He's someone that, as a teenager, was cranking out festival-ready bangers that captured a generation. His love of hip hop and of sample culture (a path he was planning on treading before BBC came along) twisted their sound into something with a hypnotic edge. But the somewhat reluctant frontman (an introvert at heart) was always working within a certain constraint, that of being part of a four person indie band with guitars, drums and bass.
First things first, if you were expecting the debutΩ from Mr Jukes (fka Bombay Bicycle Club singer Jack Steadman) to sound anything like the work of his former band then get ready for a very immediate shock. Mr Jukes is to BBC what Africa Express is to Blur - the work of the same curious mind but expressed and explored in wildly different ways. Indeed, Damon Albarn’s inquisitive, boundary-less career path is probably the closest comparison to Steadman’s here; like Albarn, you sense that Steadman could turn his hand to classical scores as readily as he could hop back on the indie trail.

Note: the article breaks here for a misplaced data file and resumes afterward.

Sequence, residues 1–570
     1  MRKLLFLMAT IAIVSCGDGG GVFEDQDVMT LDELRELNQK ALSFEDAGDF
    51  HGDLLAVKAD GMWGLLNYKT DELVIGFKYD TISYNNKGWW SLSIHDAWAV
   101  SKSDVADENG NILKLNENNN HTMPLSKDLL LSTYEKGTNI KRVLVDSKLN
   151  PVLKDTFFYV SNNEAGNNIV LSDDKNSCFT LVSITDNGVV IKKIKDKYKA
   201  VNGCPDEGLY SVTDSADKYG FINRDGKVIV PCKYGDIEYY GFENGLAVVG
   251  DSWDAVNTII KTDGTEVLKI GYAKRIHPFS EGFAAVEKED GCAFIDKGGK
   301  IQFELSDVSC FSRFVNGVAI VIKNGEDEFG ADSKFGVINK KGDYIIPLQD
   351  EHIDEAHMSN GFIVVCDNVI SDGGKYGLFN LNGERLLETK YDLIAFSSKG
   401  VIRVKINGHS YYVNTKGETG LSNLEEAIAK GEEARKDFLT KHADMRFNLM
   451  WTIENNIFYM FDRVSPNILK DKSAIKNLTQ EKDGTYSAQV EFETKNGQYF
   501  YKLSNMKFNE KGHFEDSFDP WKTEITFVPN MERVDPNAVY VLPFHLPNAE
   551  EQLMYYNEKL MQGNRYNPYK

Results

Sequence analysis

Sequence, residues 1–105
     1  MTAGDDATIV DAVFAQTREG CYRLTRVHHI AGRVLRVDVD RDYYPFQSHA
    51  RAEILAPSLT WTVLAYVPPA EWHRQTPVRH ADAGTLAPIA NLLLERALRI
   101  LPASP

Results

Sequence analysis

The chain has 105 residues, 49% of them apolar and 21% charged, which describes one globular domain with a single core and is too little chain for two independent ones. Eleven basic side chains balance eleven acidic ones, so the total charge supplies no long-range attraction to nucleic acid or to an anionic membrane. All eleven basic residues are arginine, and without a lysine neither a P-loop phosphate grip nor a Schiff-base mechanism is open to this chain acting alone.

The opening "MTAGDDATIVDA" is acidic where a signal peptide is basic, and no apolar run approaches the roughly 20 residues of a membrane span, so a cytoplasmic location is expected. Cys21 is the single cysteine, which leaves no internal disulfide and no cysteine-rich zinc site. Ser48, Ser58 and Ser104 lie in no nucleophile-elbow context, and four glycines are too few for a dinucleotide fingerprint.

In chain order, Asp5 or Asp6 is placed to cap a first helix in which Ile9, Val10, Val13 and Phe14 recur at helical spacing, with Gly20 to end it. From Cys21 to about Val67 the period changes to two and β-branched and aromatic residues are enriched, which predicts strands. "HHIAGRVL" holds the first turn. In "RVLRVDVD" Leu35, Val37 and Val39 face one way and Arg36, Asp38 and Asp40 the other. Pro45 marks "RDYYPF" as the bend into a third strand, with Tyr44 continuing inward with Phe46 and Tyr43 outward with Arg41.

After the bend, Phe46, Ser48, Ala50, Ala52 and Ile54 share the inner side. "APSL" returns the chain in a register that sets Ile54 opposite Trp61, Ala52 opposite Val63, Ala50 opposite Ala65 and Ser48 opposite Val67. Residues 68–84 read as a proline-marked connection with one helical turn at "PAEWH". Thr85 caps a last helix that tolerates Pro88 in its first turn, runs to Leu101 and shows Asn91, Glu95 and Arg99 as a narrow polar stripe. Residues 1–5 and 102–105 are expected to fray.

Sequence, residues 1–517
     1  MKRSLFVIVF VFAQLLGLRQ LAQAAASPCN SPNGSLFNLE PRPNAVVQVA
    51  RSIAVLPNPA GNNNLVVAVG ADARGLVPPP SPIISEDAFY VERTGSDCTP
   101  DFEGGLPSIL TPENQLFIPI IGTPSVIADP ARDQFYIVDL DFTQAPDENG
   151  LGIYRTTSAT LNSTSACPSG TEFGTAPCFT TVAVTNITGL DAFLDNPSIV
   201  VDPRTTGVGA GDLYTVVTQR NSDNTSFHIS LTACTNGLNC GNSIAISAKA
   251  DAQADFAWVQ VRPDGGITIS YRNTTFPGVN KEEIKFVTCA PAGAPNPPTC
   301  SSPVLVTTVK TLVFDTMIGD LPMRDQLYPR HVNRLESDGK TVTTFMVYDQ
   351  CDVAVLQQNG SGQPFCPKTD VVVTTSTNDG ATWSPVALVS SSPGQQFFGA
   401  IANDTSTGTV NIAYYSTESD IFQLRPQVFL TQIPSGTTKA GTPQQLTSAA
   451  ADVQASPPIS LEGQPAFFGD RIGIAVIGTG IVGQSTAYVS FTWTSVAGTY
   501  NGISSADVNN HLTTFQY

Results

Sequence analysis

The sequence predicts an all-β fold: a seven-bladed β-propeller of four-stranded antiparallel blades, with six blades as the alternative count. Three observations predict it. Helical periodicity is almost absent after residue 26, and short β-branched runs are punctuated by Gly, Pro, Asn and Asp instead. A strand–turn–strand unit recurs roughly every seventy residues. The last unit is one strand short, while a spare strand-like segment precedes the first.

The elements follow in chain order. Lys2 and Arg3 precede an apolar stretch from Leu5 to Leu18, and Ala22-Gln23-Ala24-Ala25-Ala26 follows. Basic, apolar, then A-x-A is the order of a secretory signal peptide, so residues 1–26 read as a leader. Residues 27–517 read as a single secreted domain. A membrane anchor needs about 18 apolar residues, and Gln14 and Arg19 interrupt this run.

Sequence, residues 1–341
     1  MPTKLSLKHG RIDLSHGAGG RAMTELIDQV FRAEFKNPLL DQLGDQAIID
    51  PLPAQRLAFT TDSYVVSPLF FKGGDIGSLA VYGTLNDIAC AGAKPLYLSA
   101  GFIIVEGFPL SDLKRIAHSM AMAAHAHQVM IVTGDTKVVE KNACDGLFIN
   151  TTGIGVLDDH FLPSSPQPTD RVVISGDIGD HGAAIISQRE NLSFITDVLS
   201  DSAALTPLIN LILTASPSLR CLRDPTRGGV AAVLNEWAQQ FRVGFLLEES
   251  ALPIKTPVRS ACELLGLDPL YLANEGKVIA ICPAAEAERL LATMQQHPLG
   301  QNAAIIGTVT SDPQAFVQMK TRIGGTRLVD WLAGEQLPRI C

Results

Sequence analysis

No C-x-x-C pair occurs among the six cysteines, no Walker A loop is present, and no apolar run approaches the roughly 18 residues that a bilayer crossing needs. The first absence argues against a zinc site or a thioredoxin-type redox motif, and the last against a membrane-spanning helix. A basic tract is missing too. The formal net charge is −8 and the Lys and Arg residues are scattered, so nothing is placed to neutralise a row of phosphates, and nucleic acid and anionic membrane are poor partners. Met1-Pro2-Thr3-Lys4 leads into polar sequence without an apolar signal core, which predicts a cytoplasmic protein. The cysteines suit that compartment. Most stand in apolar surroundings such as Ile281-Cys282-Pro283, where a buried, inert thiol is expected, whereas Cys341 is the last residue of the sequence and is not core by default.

God First would like to be judged by its front and back cover. Given its playful, soul-boutique image and impressive list of guest vocalists, Mr. Jukes cuts an immediately likable image for a producer/curator--enigmatic but impeccably connected, a locus for funk, old-school R&B, golden age hip-hop, and modern pop. If all of this suggests a up-and-coming, Mark Ronson-style polyglot, take advantage of the first two minutes of God First.
Mr Jukes, the new moniker adopted by Bombay Bicycle Club's bespectacled frontman Jack Steadman, is emphatically not a solo project. Built largely on samples and bursting at the seams with high profile guest spots (BJ the Chicago Kid, Lianna La Havas and Lalah 'Daughter of Donny' Hathaway all crop up), the ethos behind his new bedroom project is every bit as (if not more) collaborative as that of his old band. By 'bedroom project' we in fact mean 'cabin project'.